This whole "make a plan" concept really applies more to large, multi-track conferences than it does to small, single-track conferences. Showing up for SOURCE in Boston will be a completely different experience from attending RSA or CSI where there are a wide variety of topics and tracks. So, in the case of these large conferences, find out ahead of time what's being offered, and develop a plan. Moreover, since you're employer will be looking at ways for you to incorporate the value proposition into the company, make sure your plan looks at what is important to your job beyond your basic interests (hopefully these align, but you never know). This is where learning objectives really come into play, because you can then go to a conference seeking specific knowledge or information and, hopefully, walk away having found some of it.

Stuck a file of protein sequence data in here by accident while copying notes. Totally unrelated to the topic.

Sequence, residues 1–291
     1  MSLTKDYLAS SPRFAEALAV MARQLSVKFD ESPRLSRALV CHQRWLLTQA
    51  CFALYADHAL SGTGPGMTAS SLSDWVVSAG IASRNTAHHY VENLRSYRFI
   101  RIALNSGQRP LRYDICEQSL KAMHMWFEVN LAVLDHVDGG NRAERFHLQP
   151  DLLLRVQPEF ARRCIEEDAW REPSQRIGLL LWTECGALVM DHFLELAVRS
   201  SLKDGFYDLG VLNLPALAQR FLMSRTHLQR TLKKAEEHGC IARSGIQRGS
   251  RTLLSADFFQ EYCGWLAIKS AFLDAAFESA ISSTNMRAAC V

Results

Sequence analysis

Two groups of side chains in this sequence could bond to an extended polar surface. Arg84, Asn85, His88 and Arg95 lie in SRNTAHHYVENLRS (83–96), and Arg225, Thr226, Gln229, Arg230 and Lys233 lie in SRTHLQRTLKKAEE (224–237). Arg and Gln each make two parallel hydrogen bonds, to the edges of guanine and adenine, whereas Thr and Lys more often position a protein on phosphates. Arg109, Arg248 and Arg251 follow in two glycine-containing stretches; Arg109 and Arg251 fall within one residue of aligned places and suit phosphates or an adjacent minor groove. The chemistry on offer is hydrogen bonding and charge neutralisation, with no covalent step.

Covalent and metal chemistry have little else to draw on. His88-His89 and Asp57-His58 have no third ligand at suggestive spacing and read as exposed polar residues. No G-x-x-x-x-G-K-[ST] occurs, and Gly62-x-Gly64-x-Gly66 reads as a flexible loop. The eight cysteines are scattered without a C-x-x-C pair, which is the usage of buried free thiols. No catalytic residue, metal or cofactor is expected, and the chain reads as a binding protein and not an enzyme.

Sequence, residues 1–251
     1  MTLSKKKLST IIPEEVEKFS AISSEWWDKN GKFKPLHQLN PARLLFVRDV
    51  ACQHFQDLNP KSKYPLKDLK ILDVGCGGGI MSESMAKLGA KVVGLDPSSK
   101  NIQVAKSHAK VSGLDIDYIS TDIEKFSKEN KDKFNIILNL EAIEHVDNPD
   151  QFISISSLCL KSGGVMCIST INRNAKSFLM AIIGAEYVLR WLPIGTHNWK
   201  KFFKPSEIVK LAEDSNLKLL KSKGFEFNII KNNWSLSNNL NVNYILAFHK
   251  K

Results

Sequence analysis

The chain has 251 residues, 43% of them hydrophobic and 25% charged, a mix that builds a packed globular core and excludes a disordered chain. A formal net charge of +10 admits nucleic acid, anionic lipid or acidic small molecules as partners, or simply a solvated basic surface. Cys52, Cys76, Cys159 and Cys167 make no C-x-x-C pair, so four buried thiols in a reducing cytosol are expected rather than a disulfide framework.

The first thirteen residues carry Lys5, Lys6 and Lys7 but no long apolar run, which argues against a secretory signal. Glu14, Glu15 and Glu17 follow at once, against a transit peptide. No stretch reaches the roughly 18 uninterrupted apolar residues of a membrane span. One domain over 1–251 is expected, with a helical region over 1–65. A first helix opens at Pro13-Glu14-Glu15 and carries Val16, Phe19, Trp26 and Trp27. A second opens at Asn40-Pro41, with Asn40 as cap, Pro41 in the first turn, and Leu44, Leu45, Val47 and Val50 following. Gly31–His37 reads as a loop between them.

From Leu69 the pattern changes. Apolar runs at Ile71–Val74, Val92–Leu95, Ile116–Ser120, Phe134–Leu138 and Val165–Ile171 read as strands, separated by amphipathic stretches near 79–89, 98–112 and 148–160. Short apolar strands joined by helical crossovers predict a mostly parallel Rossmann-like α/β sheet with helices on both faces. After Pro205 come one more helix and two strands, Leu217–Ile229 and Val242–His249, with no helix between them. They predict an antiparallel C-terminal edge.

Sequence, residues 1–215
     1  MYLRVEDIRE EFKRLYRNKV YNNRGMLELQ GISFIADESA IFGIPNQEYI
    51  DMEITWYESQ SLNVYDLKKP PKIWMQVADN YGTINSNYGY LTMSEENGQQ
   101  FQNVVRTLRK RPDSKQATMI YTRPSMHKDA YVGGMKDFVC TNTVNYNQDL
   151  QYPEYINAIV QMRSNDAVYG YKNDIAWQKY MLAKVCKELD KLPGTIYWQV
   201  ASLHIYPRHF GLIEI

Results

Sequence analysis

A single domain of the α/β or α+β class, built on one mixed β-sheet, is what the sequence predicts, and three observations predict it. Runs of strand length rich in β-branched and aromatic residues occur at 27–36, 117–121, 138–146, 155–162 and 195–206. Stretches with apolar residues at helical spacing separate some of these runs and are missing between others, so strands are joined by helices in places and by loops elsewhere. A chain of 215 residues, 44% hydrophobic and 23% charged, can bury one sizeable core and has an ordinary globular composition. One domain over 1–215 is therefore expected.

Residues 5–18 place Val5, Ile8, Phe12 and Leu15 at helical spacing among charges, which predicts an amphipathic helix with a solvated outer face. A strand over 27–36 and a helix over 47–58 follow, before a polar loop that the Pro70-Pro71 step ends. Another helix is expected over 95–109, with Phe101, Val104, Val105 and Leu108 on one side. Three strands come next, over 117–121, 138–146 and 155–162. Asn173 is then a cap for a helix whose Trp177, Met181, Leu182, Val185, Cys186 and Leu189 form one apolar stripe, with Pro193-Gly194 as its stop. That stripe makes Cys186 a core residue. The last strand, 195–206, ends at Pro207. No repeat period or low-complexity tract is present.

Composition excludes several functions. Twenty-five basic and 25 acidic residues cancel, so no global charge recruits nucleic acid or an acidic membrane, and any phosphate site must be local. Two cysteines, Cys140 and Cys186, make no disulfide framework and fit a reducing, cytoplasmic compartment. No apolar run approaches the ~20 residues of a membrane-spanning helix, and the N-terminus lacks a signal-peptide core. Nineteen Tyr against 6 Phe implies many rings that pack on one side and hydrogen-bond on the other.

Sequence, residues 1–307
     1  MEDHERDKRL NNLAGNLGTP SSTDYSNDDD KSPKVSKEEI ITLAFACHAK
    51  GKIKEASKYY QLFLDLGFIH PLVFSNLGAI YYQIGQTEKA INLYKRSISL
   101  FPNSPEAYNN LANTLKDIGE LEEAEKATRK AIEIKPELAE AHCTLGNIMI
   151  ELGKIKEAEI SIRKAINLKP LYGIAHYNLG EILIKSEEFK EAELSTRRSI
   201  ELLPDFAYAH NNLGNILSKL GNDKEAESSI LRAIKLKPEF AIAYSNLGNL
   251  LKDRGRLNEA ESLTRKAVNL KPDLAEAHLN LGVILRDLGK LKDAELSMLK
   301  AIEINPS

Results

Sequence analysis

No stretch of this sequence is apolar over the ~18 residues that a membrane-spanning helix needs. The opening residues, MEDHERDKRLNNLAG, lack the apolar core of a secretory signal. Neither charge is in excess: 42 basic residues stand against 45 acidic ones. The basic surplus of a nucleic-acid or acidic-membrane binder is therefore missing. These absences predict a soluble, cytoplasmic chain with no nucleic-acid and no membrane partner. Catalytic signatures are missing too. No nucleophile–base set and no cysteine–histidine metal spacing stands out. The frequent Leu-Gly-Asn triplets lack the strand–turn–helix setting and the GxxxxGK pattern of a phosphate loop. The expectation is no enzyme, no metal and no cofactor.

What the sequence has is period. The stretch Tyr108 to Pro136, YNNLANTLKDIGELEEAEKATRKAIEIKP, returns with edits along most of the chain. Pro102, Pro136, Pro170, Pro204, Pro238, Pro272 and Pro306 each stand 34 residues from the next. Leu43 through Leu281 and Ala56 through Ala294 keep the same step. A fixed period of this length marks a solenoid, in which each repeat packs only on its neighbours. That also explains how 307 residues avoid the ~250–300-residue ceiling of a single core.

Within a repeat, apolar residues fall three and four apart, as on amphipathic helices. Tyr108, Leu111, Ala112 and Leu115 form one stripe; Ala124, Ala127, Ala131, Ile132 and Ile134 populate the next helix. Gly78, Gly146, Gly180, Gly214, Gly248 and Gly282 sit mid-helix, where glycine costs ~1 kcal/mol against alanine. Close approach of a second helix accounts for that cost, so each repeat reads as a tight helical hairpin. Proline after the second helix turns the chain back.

Socialize with Vendors
Yes, yes, I know. If you talk to a vendor, they'll probably get your contact info, and then they'll call you all the time, over and over and over again, whether or not you want them to do so. Don't panic. Talking to vendors is a good way to find out what they have to offer and, more importantly, what's coming down the pipe. Especially for security management, it's definitely worth your time to seek out, in particular, the younger, hungrier startup-ish vendors specifically to learn what is being seen as emerging trends. These companies frequently have millions of dollars invested in research, so you might as well make use of it as best as possible.

Now, for those in the audience who aren't big talkers, don't worry. Here are a couple tips from, well, a big talker:
* Don't feel obligated to give information away.
* Get the sales flack talking and maintain eye contact to prove you're listening.